Former Giants Running Back Makes End Run Around New Jersey Court as to Child Support
By Snyder & Sarno on March 06, 2014
In order for a child support award to be entered by the New Jersey Family Court, the Court must have jurisdiction over the child support dispute. Issues involving jurisdiction are often complicated and depend on the facts of each case. When issues of child support reach across state borders, the Uniform Interstate Family Support Act (UIFSA) determines which state has jurisdiction over the case.
Under UIFSA, once a state obtains jurisdiction over a child support case, it retains continuing exclusive jurisdiction over that case. What that means was decided in a recently published New Jersey trial court case, Johnson v. Bradshaw. This case involved a dispute between former New York Giants running back Ahmad Bradshaw and his child’s mother.
While the parties were never married, a child was born of their relationship in Virginia in 2010. At that time, Bradshaw was still playing for the Giants and living in Clifton, New Jersey, but neither his child nor the child’s mother lived in New Jersey. In June 2011, the mother initiated a child support action against Bradshaw in New Jersey, and the Court entered a temporary child support order, making clear that the amount would have no effect on the final order of child support. Once this was entered, neither party requested a hearing for a final order, nor did the court provide a date for one.
In 2013, Bradshaw was released from the Giants and chose to play for the Indianapolis Colts. Therefore, he moved out of New Jersey and bought a house in Virginia. Once he was domiciled in Virginia, Bradshaw moved to dismiss the child support action in New Jersey because New Jersey could no longer have continuing exclusive jurisdiction.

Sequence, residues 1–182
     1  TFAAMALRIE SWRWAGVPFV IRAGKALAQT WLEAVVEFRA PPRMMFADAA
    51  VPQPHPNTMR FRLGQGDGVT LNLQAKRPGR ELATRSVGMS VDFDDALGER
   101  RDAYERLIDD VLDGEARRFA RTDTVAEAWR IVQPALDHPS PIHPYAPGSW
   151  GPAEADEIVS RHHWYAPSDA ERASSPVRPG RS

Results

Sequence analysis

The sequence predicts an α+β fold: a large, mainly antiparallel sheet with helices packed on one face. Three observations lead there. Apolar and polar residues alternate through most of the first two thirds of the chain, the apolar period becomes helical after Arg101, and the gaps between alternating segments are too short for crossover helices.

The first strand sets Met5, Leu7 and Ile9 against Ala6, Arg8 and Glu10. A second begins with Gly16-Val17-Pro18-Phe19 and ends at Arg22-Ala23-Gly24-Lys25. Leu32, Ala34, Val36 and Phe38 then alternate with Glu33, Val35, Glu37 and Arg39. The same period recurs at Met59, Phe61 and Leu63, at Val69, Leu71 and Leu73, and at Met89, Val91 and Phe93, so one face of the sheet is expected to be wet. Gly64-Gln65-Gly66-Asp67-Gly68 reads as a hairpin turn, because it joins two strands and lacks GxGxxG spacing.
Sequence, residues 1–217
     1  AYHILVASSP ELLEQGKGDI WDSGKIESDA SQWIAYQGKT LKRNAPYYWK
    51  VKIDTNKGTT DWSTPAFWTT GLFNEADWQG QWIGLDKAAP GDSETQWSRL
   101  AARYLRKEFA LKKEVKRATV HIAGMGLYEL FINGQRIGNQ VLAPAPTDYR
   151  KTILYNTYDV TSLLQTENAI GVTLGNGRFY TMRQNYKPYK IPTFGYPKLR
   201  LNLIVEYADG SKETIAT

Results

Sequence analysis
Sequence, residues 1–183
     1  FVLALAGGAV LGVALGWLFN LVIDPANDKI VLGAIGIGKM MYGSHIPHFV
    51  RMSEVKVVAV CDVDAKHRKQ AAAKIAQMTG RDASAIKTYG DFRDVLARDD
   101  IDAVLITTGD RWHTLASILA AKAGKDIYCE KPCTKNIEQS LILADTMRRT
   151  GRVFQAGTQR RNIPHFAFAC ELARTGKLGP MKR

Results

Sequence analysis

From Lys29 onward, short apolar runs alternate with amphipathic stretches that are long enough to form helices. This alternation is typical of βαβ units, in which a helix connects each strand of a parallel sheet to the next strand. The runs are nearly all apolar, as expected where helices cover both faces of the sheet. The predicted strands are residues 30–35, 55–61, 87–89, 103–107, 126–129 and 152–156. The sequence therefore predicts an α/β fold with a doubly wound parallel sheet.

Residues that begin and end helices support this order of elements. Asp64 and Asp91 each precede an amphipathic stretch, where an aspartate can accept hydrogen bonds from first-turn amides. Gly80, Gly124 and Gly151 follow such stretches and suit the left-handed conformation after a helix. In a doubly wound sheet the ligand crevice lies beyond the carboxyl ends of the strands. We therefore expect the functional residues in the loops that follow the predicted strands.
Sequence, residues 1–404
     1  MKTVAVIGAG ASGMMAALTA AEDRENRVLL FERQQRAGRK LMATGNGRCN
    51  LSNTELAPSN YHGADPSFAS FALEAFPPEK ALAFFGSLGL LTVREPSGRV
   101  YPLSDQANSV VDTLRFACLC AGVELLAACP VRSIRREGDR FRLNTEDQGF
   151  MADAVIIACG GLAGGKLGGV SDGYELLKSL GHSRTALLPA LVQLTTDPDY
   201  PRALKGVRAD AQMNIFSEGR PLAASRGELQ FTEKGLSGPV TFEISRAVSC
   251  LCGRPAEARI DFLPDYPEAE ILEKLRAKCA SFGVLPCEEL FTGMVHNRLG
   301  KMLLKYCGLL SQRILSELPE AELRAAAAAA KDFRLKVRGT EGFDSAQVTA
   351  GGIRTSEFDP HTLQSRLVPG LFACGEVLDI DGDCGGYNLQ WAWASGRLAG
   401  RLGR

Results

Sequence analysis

The Court analyzed the legislative comments to UIFSA, as well as case law from other jurisdictions, and determined that it had jurisdiction to enforce its previous order. Thus, if Bradshaw had stopped making his child support payments, the New Jersey Family Court had jurisdiction to take enforcement action against him, such as revoking his driver’s license. However, the Court held, it did not have jurisdiction to modify the support order because neither the defendant, the plaintiff, nor the child lived in New Jersey, and thus New Jersey no longer had continuing exclusive jurisdiction. This means that the Court did not have the authority to weigh new evidence to determine what the final order of child support should be.
This case shows the complexity of jurisdictional issues when dealing with child support issues that reach across state lines. If you have a similarly situated child support issue, you should contact an experienced family lawyer who will be able to assist you in determining which state has jurisdiction over your child support case.
If you have questions about your child support case, please contact the experienced attorneys at Snyder & Sarno at (973) 274-5200.
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